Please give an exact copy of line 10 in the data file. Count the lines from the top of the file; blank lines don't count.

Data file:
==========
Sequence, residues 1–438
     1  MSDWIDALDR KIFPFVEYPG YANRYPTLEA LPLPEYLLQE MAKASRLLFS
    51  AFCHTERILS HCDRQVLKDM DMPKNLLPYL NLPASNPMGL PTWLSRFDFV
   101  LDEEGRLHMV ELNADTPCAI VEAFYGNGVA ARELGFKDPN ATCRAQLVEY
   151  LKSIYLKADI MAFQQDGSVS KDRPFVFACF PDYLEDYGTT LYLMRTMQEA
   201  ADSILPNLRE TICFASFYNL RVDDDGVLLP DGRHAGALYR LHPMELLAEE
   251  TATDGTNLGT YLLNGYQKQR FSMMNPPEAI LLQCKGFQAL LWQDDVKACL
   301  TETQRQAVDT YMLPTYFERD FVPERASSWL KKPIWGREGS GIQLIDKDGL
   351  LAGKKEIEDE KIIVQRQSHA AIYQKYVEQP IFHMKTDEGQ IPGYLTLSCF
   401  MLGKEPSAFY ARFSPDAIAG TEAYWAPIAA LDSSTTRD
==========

   401  MLGKEPSAFY ARFSPDAIAG TEAYWAPIAA LDSSTTRD